Slice of Life 25: Teaching Humans
By Janice Ewing
Yesterday, I wrote about attending an informational session concerning the Being a Writer Program. The morning started with a collegial breakfast, and ended with my misplacing the validated parking ticket (of course I found it as soon as I got home, hiding in my messy purse), and receiving a get-out-of-the-parking-lot-free pass from the attendant because I was clearly coming from the same event as my colleagues. In between, there was a lot of food for thought. In the previous post, I mentioned the assessment aspect of the program, which impressed me because much of it focused less on grades than on observation of writerly habits and participation in a writing community. Upon further reflection, something larger is standing out to me.
Along with the development of writing skills and habits, there is a strong emphasis on social and emotional learning throughout the program. We know as educators that most students do not enter our classrooms automatically knowing how to be active listeners, how to ask probing but appropriate questions, or how to give and receive constructive feedback (we still struggle with these issues as adults). I think it’s great that this program incorporates community building into its fabric, as a thread that runs through it rather than a decorative border. Shouldn’t we be thinking about the human relations element in all our educational planning? We are teaching humans, after all, not programming computers. I’ve been thinking about this large topic a lot today. I’ve also been thinking that I should clean out and reorganize my purse. Sometimes we have to start out with the small things…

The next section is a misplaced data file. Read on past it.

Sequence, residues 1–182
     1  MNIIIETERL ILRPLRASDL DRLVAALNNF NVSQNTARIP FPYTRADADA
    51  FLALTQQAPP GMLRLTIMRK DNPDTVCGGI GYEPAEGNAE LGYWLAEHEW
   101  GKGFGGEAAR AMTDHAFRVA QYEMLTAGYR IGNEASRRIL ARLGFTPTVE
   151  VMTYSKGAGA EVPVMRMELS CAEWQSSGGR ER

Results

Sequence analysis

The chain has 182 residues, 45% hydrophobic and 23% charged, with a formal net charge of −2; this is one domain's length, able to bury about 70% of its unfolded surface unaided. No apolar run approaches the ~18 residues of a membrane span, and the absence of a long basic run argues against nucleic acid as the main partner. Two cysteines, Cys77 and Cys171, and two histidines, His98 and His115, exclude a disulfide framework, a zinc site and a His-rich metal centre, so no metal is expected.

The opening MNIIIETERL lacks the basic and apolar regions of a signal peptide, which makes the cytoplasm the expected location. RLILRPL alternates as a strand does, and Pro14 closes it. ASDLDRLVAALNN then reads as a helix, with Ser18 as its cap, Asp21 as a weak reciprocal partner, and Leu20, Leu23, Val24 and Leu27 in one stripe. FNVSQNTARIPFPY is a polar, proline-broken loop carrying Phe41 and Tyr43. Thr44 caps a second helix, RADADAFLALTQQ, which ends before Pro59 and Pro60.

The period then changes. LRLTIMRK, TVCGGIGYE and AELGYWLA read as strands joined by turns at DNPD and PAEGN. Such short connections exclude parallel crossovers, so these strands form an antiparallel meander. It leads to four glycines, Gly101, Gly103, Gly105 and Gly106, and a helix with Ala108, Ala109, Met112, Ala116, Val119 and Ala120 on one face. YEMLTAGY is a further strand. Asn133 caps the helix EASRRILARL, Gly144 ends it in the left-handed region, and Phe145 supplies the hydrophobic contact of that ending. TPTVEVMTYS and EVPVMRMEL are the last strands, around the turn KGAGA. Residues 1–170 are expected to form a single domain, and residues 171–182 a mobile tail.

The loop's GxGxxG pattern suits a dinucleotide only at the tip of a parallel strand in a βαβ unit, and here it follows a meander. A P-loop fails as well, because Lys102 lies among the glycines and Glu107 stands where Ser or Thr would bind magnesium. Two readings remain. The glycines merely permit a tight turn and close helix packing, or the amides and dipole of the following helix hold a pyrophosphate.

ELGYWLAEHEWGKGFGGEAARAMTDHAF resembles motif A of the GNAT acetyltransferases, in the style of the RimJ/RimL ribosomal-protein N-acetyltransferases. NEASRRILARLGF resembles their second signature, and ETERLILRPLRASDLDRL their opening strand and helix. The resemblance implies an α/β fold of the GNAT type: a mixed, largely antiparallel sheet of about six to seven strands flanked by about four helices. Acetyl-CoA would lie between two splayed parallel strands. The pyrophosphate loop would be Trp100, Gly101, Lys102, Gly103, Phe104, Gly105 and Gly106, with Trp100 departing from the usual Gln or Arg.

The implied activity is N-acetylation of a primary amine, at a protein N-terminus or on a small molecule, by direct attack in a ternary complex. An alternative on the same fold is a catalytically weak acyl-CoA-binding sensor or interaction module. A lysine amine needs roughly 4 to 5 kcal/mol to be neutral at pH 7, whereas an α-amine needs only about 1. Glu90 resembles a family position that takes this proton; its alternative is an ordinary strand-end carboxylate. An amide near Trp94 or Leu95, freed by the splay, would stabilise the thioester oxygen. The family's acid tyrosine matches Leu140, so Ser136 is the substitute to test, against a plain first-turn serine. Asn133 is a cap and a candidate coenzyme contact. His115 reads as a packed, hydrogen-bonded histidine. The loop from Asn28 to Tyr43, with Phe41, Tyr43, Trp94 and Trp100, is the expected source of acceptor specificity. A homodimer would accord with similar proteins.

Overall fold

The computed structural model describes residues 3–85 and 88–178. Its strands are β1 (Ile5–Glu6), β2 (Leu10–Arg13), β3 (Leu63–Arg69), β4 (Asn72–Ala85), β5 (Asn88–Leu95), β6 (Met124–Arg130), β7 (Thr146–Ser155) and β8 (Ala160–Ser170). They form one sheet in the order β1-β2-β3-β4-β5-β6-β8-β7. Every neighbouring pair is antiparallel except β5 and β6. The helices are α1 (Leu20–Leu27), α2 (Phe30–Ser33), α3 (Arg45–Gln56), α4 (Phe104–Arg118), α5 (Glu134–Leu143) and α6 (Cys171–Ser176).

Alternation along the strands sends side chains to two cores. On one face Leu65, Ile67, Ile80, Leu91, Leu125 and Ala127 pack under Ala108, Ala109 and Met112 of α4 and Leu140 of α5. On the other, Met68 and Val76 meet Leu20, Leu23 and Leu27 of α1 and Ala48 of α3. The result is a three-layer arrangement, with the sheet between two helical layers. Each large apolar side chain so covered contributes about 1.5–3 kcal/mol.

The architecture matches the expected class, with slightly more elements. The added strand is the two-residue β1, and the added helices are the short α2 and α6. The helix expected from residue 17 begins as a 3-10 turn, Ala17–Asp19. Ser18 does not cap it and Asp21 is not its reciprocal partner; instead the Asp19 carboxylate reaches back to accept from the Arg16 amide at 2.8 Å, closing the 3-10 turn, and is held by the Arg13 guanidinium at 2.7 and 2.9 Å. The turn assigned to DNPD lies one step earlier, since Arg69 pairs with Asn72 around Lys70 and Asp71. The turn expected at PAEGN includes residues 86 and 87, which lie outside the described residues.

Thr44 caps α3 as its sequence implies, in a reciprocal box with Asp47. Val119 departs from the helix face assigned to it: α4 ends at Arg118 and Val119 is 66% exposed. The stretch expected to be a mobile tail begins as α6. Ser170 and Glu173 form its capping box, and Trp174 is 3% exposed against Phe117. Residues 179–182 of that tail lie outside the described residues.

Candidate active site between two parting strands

* This “Slice of Life” post is part of a larger blog series, hosted by the blog site, Two Writing Teachers: A Meeting Place for a World of Reflective Writers.
Janice Ewing is an adjunct for Cabrini College and a co-director for the Pennsylvania Writing & Literature Project. Janice co-facilitates PAWLP’s “Continuity Days” and this blog. She is an avid reader and writer, and especially enjoys writing poems.
You’re right. We ARE teaching humans. Perhaps that’s what I loved so much about the Responsive Classroom approach. It contends you can only teach the academic curriculum once your students’ social/emotional needs have been met (therefore the social curriculum is just as important).
Janice, the social aspect is so important to learning. Time spent developing these skills is time well spent. When students feel that they belong to the community of learners, they will have greater opportunity for success.
I have a friend, who, when talking about why she wants to teach her fifth graders in a self-contained classroom instead of departmentalizing, says, “I teach children, not content.” Her point is the same as yours. It’s so important that we always remember that no matter what age we teach, we are teaching people and creating community and building relations is key.